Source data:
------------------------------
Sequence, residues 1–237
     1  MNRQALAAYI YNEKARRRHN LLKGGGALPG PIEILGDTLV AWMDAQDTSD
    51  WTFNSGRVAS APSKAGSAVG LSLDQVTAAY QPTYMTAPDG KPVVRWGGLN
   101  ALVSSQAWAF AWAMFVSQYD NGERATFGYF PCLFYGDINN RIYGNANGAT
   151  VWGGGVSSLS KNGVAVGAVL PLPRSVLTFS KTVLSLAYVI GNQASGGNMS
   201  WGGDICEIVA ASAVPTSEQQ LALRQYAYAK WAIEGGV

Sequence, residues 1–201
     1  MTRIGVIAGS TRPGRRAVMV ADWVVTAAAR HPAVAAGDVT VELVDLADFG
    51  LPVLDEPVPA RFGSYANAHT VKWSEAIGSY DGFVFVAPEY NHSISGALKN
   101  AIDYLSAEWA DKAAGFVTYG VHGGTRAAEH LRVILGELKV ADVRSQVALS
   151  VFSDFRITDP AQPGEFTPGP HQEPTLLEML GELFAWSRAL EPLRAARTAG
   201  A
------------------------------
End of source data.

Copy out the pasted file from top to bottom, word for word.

Sequence, residues 1–237
     1  MNRQALAAYI YNEKARRRHN LLKGGGALPG PIEILGDTLV AWMDAQDTSD
    51  WTFNSGRVAS APSKAGSAVG LSLDQVTAAY QPTYMTAPDG KPVVRWGGLN
   101  ALVSSQAWAF AWAMFVSQYD NGERATFGYF PCLFYGDINN RIYGNANGAT
   151  VWGGGVSSLS KNGVAVGAVL PLPRSVLTFS KTVLSLAYVI GNQASGGNMS
   201  WGGDICEIVA ASAVPTSEQQ LALRQYAYAK WAIEGGV

Sequence, residues 1–201
     1  MTRIGVIAGS TRPGRRAVMV ADWVVTAAAR HPAVAAGDVT VELVDLADFG
    51  LPVLDEPVPA RFGSYANAHT VKWSEAIGSY DGFVFVAPEY NHSISGALKN
   101  AIDYLSAEWA DKAAGFVTYG VHGGTRAAEH LRVILGELKV ADVRSQVALS
   151  VFSDFRITDP AQPGEFTPGP HQEPTLLEML GELFAWSRAL EPLRAARTAG
   201  A